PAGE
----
Thursday, April 17, 2014

King Leopold's Soliloquy 

Look at these maps.  The one on the left is a map of Africa before the Berlin Conference of 1884-1885.  The one on the right is a map of Africa after representatives of 13 European countries and the U.S. met in Berlin, with a map of Africa on the table before them, and not a single African person present, and decided among themselves which countries would be "given" what territories.  "The African politico-geographical map is thus a permanent liability that resulted from the three months of ignorant, greedy, acquisitiveness during a period when Europe's search for minerals and markets had become insatiable" (Blij and Muller).
When I teach literature, I feel it necessary to share the historical context of the text, greatly increasing students' understanding. So before we discussed "King Leopold's Soliloquy," a pamphlet written by Mark Twain in 1902, wherein he puts words in King Leopold's mouth, I taught the class about the "scramble for Africa" and explained how one person, King Leopold, came to own over 905,000 square miles of prime land in Central Africa - the large red-shaded land in the middle of the map on the right.

"King Leopold's Soliloquy" is similar, in some ways, to "A Modest Proposal," in that Twain wrote the satirical pamphlet to alert the world to the atrocities being committed by King Leopold in Congo.  He had promised to bring education, health care and Christianity to the Congo, but what he did bring was enslavement, oppression and death.  Over a period of about 20 years, over 10 million Congolese died.  The majority of my students had never heard of King Leopold or what happened in the Congo.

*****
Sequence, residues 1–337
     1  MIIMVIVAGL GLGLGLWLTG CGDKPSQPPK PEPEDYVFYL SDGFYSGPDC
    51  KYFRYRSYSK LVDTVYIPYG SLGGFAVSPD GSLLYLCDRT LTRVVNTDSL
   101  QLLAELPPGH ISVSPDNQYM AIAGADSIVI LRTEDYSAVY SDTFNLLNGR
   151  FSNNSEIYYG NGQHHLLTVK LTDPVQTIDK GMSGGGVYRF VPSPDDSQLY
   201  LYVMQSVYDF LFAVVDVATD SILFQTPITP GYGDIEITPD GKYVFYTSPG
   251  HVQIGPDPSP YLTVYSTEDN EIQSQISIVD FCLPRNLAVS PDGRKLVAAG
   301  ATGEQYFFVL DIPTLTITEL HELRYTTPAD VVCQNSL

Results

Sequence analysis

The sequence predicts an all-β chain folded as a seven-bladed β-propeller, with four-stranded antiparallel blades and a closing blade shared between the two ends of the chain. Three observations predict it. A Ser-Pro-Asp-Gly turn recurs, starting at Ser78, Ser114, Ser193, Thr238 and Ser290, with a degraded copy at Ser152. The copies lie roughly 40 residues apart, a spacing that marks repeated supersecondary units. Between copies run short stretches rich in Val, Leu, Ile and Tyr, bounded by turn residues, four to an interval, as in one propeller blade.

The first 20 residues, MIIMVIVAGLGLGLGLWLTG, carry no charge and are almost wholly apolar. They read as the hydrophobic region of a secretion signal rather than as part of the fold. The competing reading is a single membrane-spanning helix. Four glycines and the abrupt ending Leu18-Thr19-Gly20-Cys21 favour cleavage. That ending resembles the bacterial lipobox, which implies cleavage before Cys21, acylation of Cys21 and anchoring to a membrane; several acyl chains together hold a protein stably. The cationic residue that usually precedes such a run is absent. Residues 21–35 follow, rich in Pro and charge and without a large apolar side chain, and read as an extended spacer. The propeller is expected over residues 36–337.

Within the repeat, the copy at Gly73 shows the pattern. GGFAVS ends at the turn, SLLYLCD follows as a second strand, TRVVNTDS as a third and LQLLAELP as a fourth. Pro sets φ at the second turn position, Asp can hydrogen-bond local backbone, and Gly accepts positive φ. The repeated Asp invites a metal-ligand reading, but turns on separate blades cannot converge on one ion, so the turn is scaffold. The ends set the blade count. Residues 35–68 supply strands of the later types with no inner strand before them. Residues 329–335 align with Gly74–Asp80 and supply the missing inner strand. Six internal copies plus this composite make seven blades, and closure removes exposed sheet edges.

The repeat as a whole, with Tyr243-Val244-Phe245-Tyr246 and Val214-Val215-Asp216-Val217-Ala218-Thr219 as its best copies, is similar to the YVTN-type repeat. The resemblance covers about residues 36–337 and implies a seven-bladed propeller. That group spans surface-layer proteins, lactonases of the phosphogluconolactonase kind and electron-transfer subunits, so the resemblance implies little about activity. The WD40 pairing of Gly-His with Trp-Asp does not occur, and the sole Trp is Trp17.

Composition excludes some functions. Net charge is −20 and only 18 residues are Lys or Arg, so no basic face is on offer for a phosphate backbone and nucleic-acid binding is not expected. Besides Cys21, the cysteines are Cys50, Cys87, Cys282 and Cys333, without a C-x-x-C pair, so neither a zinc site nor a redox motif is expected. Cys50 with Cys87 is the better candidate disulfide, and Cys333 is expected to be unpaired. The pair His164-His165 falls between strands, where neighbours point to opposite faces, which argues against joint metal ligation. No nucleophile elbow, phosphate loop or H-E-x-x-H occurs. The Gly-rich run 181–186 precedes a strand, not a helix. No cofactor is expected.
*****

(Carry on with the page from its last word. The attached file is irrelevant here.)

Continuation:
The actual pamphlet is very well written, in typical irreverent, unapologetic Twain style.  The reader learns all about what King Leopold has done, supposedly from King Leopold's own mouth (through Twain).  He even incorporates primary sources, reports from missionaries who are trying to help the Congolese, and eyewitness accounts from others.  After we discussed the text, a Kenyan student shared his personal insights into the effects of colonialism in Kenya.  That personal, first-person account was enlightening.

We also read a short letter by George Washington Williams, an African-American author, soldier and legislator who traveled to the Congo to see firsthand if King Leopold was truly helping the Africans.  Williams met first with King Leopold in Belgium, and the king tried to dissuade Williams from traveling to the Congo.  Pretty suspicious, wouldn't you say??  When Williams' highly critical first-person account was printed, King Leopold staged an aggressive attack against Williams, vilifying him in the press.  I read an incredible article in the New York Times in 1891. The illustrious New York Times believed the character attacks, and thus Williams' true account of what happened in the Congo was not believed, and millions more Congolese died over the next ten years.  Williams died shortly after returning from the Congo, at the young age of only 42.  He is a pretty fascinating guy -- and may end up in one of my books in the future.

So my students learned  a bit of history, literature, and politics.  It was a great class.  Next week is the poet laureate of India -- Rabindranath Tagore.

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